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Seeding and planting: when and how

Violet and pansy seedlings
Photo: Jardin botanique de Montréal (Lise Servant)
Viola seedlings

Indoor seeding should start as early as February for slow-developing plants such as geraniums, begonias or impatiens. As a general rule, vegetables and flowers should be sown from early March to late April. Sowing earlier is pointless because the plantlets easily etiolate and become too old to transplant. In addition, many plant varieties cannot be seeded indoors. Check the seeding calendars for vegetables and for annuals for more information.

If you live outside the greater Montréal region, you should delay planting outside.


  • Once you have filled your containers to one centimetre from the top, the surface should be levelled and lightly packed before sowing.
  • Seeds should be distributed evenly and sparingly. Planting seedlings too densely may cause young plants to etiolate and precipitate the need to transplant.
  • The smaller the seeds, the shallower they should be sown.
  • Simply sift a little of the seedling mix over the seeds.
  • Certain seeds, such as Begonia semperflorens need light in order to germinate and must not be covered.
  • Read the instructions on each seed packet or consult gardening books if you have any questions.
  • To avoid disturbing the seeds when watering, the base of the container should be placed in water for 15 minutes. Then cover the top with a glass plate or a plastic cover.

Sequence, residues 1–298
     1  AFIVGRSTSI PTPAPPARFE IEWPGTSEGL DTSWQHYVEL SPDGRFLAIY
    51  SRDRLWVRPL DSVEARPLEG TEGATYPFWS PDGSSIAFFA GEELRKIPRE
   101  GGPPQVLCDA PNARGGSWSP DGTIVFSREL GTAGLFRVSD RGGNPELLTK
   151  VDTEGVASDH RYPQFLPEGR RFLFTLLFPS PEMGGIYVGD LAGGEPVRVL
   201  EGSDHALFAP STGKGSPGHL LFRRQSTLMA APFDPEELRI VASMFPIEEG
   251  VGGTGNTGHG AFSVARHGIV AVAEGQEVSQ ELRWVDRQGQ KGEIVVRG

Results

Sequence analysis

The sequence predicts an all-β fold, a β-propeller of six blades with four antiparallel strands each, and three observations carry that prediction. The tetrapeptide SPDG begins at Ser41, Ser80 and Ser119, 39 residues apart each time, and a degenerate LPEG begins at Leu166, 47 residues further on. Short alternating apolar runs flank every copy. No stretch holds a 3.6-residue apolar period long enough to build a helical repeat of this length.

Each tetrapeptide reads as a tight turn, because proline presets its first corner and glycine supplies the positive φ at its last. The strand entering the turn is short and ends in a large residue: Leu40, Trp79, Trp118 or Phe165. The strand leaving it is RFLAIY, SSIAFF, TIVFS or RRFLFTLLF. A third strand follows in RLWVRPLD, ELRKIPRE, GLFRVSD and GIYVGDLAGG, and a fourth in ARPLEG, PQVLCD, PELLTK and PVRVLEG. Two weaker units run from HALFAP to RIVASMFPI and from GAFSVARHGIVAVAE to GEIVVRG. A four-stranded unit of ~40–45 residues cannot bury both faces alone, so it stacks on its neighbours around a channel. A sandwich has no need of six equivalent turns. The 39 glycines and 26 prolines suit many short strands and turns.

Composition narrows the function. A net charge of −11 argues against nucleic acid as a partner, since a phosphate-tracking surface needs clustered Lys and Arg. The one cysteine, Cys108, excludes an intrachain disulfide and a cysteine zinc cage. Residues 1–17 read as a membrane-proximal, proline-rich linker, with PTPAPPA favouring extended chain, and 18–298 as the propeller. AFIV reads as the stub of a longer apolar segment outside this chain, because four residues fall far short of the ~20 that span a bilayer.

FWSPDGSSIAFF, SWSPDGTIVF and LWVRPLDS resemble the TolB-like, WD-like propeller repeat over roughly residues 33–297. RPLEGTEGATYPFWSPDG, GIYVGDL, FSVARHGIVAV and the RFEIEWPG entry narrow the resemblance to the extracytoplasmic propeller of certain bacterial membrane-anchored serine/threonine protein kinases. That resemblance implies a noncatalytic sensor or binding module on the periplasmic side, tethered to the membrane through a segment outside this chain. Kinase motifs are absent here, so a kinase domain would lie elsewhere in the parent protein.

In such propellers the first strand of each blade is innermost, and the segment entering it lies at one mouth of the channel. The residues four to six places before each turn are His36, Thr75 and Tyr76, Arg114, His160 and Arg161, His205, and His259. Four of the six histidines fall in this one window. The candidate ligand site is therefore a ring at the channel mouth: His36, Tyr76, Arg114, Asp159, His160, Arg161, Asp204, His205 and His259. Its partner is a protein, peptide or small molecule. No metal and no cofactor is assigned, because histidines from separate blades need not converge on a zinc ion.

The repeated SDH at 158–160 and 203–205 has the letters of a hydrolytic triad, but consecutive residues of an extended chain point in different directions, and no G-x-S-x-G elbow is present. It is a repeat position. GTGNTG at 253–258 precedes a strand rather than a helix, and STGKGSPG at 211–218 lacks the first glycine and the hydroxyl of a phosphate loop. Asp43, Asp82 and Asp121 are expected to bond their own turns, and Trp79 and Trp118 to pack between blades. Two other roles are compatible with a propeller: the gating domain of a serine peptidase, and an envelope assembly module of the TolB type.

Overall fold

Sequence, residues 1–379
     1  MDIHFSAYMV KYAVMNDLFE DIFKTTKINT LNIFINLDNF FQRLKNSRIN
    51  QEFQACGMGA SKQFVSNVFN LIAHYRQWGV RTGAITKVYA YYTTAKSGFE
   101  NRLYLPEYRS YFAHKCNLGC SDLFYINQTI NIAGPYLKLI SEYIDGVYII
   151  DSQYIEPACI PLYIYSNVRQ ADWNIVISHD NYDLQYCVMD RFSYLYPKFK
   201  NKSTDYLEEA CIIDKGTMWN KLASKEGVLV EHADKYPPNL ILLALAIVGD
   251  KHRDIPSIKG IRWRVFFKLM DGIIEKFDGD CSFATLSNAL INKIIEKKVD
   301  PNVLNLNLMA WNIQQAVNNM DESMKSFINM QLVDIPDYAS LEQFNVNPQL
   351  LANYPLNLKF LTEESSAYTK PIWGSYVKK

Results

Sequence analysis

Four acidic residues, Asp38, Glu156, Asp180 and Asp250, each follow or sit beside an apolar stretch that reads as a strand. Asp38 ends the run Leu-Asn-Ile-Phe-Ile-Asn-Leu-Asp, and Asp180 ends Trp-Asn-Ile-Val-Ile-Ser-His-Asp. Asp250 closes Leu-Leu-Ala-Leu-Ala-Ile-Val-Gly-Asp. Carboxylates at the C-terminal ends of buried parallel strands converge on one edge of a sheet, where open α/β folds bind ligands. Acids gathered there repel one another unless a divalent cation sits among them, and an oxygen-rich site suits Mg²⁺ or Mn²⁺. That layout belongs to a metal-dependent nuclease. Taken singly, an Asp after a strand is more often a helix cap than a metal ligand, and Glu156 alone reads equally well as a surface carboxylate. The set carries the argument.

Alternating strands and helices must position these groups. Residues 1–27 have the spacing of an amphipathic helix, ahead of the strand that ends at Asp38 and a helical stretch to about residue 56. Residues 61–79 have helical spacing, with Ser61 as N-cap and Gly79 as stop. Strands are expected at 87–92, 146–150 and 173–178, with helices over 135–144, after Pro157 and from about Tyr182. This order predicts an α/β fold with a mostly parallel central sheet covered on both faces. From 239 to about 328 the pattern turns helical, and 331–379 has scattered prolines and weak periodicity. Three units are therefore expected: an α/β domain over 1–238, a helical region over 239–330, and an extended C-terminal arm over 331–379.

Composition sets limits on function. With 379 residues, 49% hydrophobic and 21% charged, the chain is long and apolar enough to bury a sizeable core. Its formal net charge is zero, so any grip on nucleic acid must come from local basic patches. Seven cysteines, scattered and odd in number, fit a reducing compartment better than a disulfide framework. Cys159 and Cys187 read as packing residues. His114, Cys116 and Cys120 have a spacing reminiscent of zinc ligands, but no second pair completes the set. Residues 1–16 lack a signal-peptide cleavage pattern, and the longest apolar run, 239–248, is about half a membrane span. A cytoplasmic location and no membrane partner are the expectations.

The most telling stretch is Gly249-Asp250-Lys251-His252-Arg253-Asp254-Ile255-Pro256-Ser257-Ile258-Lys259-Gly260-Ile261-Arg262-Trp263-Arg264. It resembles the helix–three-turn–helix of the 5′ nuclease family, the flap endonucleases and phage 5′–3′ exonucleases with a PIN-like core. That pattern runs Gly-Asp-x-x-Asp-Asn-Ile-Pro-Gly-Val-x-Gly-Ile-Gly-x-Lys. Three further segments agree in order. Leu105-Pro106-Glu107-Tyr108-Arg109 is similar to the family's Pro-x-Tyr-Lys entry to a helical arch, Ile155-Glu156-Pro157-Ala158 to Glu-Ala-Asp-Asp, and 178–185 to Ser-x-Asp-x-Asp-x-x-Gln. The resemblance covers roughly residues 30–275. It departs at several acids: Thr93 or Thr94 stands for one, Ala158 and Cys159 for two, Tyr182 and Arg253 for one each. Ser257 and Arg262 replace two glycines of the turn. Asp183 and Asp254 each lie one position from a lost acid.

• As soon as the plants sprout, remove the cover and lower the temperature by a few degrees.
  • Plants in the cucumber family (melon, squash, pumpkin, etc.) have very fragile roots and cannot be transplanted. They must be planted individually in biodegradable peat containers.
  • Certain species such as tomatoes and marigolds can also be sown directly in individual pots and need not be transplanted.


Transplanting young plants is necessary so that they have the space needed to grow properly. Transplanting causes secondary roots to develop, ensuring better support for the plant. The subsoil used for bedding must contain more nutritive matter to meet the plant's needs.

Young plants can be transplanted once they have two true leaves. If you wait any longer, the roots will become entangled and they will be more difficult to transplant without damage, thus affecting growth.

Young plants should be watered before transplanting. They should be lifted gently with a small stick. Separate each plant from the group by holding it by a leaf and not by the stem. Transplant it into a small case or individual pot by covering it up to the bottom leaves, and water gently. After two weeks, fertilize the plant with a soluble fertilizer dissolved in water. An algae- or fish-based biological fertilizer is preferable.

Garden planting

Moving young plants from the house to the garden should not be done too quickly. They should have an acclimatization, or hardening off, period of 7 to 10 days during which they will be gradually exposed to outdoor conditions. Reduce the frequency of watering and put the pots outside for longer periods each day. They should be brought back in if the night-time temperature goes below 10°C. They should then be planted in the garden, with enough room to allow full development.

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